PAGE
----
Hello and welcome to GYGO! I’m Kael, your local island-dwelling gamer. Summer vacation hit finally Japanese schools last Monday, just in time for a string of typhoons to barrage the southern coast (i.e. my house). I can’t really complain though, it gives me the excuse my adult brain needs to finally get shoulders-deep into Kingdom Hearts III. I just hope I can make it to the store later for a trove of sea salt ice cream.

Anyway, here’s the news!

Collective Bargaining Helps Studios Big and Small

Writers for Lovestruck, a visual novel collection published by Voltage, finished their strike last week. 21 women, nonbinary, and LGBTQIA+ writers formed an informal union, the Voltage Organized Writers, and fought for a pay raise. Following the strike, the writer’s pay moved from 3.5 cents per word to 6.5 cents per word. This is a reversal of Voltage’s earlier statement that they were looking for new writers to replace the organized group, reported Vice. The strike came with the aid of the Campaign to Organize Digital Employees, a campaign from Communication Workers of America (one of America’s largest unions representing tech and media employees).

Meanwhile, Blizzard employees also took steps toward collective bargaining, according to Bloomberg. Employees reportedly used company Slack and spreadsheets to compare and discuss salaries and work conditions across the gaming giant. Bloomberg reports that a draft of demands that will be presented to the company include “changes to how promotions are doled out, increased vacation time and pay bumps for members of the customer service and quality assurance departments.” Anonymous sources told Bloomberg that Activision Blizzard pays far less than its competitors in the industry.

A Week Later and the Army Is Back to Esports

U.S. Army Esports is getting ready to move back to streaming. The military unit took a brief break following backlash for their actions on Twitch, such as hosting giveaways that direct viewers to a page that offers their information to recruiters. This notably comes after Alexandria Ocasio-Cortez’s amendment to prevent military from using the federal budget to fund streaming failed last week.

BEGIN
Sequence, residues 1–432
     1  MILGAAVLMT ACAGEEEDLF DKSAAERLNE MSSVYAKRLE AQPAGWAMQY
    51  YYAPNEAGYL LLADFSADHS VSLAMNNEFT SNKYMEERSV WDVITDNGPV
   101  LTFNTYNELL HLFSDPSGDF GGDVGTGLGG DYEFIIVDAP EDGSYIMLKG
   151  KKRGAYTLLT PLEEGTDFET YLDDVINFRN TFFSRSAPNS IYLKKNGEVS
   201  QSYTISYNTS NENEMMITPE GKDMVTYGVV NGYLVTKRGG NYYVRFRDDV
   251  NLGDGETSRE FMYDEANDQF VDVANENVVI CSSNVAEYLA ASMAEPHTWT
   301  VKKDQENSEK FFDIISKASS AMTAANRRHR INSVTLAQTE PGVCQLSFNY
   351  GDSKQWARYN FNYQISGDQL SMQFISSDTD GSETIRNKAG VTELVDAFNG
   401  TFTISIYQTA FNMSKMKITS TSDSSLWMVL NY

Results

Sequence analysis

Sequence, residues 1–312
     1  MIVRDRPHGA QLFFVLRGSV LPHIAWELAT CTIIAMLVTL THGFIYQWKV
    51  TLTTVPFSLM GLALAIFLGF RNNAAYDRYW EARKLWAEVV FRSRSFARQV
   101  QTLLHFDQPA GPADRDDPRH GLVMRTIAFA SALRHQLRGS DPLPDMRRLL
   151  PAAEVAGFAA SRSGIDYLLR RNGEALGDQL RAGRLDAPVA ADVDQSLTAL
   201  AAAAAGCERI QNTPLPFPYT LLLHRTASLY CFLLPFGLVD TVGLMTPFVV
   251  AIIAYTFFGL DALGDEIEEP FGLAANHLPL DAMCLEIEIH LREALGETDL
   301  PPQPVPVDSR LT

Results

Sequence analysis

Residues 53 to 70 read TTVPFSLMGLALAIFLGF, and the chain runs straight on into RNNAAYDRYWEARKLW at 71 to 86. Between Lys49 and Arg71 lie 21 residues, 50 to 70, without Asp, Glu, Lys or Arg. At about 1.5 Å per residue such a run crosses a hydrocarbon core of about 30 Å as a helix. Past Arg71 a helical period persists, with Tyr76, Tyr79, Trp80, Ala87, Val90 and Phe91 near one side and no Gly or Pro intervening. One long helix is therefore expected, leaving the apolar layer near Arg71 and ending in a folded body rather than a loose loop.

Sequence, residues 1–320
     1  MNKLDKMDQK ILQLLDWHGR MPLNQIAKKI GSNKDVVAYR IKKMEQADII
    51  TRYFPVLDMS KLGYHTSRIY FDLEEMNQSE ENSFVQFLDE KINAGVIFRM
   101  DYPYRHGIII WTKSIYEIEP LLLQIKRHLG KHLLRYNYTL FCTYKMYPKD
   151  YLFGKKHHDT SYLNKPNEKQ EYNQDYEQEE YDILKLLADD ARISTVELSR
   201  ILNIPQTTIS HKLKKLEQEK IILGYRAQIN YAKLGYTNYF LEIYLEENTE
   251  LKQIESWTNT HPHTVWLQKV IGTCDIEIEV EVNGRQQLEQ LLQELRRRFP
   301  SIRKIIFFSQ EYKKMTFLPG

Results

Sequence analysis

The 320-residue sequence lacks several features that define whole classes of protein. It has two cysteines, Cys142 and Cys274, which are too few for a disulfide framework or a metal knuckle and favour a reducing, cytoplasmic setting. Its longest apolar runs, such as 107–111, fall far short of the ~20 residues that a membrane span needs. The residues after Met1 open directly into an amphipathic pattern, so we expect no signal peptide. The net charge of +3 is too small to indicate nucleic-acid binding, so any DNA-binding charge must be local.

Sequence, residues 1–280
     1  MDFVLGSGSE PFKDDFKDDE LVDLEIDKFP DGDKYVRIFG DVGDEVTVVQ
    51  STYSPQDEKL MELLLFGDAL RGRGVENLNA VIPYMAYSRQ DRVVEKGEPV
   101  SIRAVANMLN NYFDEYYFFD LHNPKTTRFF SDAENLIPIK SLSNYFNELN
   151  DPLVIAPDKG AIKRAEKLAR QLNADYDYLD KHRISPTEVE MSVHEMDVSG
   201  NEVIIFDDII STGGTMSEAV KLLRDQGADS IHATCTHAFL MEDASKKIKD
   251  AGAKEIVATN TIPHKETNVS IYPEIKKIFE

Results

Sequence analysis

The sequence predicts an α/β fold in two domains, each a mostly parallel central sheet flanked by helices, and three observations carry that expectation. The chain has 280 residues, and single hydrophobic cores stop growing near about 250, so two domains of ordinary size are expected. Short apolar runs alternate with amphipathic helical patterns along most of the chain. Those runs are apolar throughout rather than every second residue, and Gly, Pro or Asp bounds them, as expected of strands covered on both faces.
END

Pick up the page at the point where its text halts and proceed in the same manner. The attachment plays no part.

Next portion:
PCGamesN dug deep into the structure of the Army’s esports team. They report that despite its name, the team maintains only a light presence in video game tournaments. Instead, they focus on reaching the largest audience in a variety of popular games. Soldiers apply for the assignment, which typically lasts two years, after which they return to their previous career field. With over 8,000 applicants and only 21 team members, some in the military have called making it onto the team a pipe dream.

Fortnite Parent Company Targeted by Executive Order

Trump signed executive orders last week prohibiting American transactions with Chinese companies Bytedance and Tencent from September 22nd. Tencent has considerable power in games, particularly the esports market, including stakes in both League of Legends developer Riot Games and Fornite‘s Epic Games. According to the Washington Post, the order is not aimed at game companies. Aimed or not, they say at this point it’s unclear whether games will unintentionally fall into the scope of the orders.

In Other News…

Ubisoft continues to make changes to address their workplace culture. Last month, employees reported instances of sexual harassment in the company and more general workplace toxicity. Ubisoft stated that they would investigate these claims. This week, PC Gamer reports that VP Tommy François was fired as a result of these investigations. Ubisoft has not yet released an official statement.

Limestone Games, the developer of Aeon Must Die featured in PlayStation’s State of Play Event last week, was accused of mismanagement by former staff and owners. In a Dropbox cache filled with testimonials, staff alleges that chief executive Yaroslav Lyssenko left the team understaffed, organized brutal deadlines with publisher Focus Home Interactive, and wrestled control of the studio from chief creative Aleksei Nehoroshkin. Focus Home Interactive released a statement via Twitter that they were looking into the matter.

The People’s Republic of China will start requiring players to verify their legal name before playing video games. The use of this log-in system allows players to be associated with their national ID number. The reason is reportedly to implement restrictions on the amount of time minors are allowed to play games, currently set to 90 minutes on weekdays and three hours on holidays.

The Games and Online Harassment Hotline is officially open. They provide text-based support for those who make or play games. The games space can be a hard one to exist in—if you or someone you know needs support, please reach out.

Skip, the studio that developed Chibi-Robo! and Art Style, has possibly closed its doors. Nintendo Everything reports that, although no official statement has been released, many signs point to the studio having been closed for good.

Riot Games is addressing crunch and overwork by giving employees a week off. No statement was issued regarding changes in management styles, deadlines, or staffing issues that lead to crunch in the first place.

Openhouse is hosting a 45-minute Zoom seminar with Stephanie Ijoma on August 18th. The seminar, titled “Openhouse: we need more black women in gaming” focuses on Ijoma’s path into the games industry and the path forward for making it a more inclusive space.

Yoshinori Ono is leaving the Street Fighter franchise after 22 years as an executive producer. Ono started as a music producer on the Dreamcast title Saturday Night Slam Masters and went on to have a hand in at least 33 games released by Capcom.